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It’s been a little while since I’ve had time to write. Other concerns have demanded some attention, and between traveling and working all hours, the universe has reminded me again to slow down. Which is to say I have a cold. And when I have a cold, I generally go to bed for a couple of days, read and otherwise catch up on this and that.

I was several chapters into What’s So Great about Christianity, a book which I recommend others read but which I often wish to throw at a wall, when I began to hear those quiet little questions I only hear when I stop the incessant chatter. Why are you reading this? Are you really learning or just fencing? D’Souza makes some interesting points, but his often reverse causalities are unlikely to sway my thinking very far. When he descended to the defending Anselm’s Ontological argument, I knew there was little left here to be mined.

We have such a little time, and we given one great gift in the universe: our choice of how to use that time. With the thousand thousand limitations we put on ourselves, we still have so many choices we can make. And so I decided to step back and look again at those things that build, and for a time let go of fighting those things that destroy. We must defend the castle walls, but what is the point if we never sing?

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It is right to give thanks and blessing when we eat. Food is so important, and so much goes into providing it, that mealtimes are an important time to stop for a moment and give thanks. It is also the easiest of rituals to introduce into our lives, and the importance of ritual is something we’ve lost track of in the modern, Western world. Read the rest of this entry »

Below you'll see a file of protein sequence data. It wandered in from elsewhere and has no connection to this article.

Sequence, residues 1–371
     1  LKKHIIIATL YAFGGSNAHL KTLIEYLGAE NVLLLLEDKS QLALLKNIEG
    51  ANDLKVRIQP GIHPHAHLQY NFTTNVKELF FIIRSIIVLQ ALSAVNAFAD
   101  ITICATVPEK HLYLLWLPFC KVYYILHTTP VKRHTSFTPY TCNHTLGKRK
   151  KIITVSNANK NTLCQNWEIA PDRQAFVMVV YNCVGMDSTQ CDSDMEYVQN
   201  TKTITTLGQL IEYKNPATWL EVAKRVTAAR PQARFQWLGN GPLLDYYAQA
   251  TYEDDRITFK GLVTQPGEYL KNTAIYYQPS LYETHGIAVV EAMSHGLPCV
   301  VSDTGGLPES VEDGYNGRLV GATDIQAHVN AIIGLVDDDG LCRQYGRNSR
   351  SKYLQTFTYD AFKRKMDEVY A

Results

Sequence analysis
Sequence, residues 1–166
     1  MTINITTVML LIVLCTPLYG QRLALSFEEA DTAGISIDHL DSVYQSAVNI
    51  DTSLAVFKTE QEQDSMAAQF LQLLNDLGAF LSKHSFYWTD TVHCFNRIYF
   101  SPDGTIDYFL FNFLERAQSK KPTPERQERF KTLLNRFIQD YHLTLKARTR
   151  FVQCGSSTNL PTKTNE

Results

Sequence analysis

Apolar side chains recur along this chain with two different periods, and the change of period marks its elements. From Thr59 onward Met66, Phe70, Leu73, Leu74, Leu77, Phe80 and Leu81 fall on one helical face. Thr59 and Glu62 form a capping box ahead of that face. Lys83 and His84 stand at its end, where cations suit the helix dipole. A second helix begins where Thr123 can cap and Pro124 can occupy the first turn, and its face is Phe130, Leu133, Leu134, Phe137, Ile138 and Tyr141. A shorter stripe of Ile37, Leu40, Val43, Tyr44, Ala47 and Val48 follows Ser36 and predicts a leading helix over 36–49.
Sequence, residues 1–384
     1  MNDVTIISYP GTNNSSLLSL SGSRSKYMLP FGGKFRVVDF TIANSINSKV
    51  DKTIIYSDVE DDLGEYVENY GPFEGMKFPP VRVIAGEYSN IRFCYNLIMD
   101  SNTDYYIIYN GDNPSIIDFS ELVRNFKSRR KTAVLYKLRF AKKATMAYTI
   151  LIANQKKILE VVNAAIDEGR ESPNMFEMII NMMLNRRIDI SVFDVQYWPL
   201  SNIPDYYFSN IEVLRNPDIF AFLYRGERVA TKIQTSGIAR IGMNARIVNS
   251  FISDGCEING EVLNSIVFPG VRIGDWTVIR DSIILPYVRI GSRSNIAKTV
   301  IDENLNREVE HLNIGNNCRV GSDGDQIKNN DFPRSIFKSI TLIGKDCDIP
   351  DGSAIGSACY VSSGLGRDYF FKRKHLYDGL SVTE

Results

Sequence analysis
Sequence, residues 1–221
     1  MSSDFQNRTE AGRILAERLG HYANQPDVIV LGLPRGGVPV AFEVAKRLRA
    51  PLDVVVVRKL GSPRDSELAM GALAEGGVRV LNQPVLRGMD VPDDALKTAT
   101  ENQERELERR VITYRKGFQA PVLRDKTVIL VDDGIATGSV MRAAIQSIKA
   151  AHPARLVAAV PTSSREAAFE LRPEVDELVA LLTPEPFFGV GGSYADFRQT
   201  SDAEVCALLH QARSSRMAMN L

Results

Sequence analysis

I was reading this link from leisureguy’s blog, “11,000 couples later, gay marriage largely a nonevent in Mass.” It got me thinking about a discussion I had with my grandmother some months back when she asked after my friend who’s “a bit funny.” By that she means “in a committed, homosexual relationship.” I had the honor of being there when he said his vows as he was there when I said mine.

She asks after him often, and she always whispers “your friend” in the same voice she whispers “black” when the race of a person comes up. And as a conservative Christian, she does not approve of homosexuality. But of course, she doesn’t completely approve of black people, either. But still, she asks after him. And she has no malice towards blacks. She is what she has been for a long time now, and what she learned to be from an early age. Loving and racist and homophobic and still loving. Read the rest of this entry »

As promised, I’ve posted my full review of The God Delusion.

I’ve been quiet here for a couple of weeks, but mostly because I’ve been spending my blogging energy chatting elsewhere. For those interested in following along on some of the discussions, or curious about what blogs I find interesting, here are some of the more interesting ones:

Upcoming here: Review of The Black Hole War, a book I didn’t plan to review here but has some interesting religious implications; review of The Art of Reading Scripture; a bit longer discussion of The God Delusion; and some early thoughts on my current reading: What’s So Great about Christianity, one of the better Christian Apoligetics I’ve read (outside his poorly researched critiques of evolution). I’m only a quarter of the way through. I still want to throw it at a wall sometimes, and I think he misinterprets a lot of history, but he brings actual facts to the discussion (which is very unusual) and makes several arguments that are worthy of actual debate. He’s even changed my thinking on some aspects of Christianity’s historic influence on Western society (I think his argument makes a better case that Western society has had a great influence on Protestantism, but I’ll go into that deeper later). If you want a very interesting and comprehensive discussion of this book, see Ken Ponder’s review on Amazon.

And I want to finally get back to some discussions about pantheism itself. I’ve been so distracted with so many interesting books.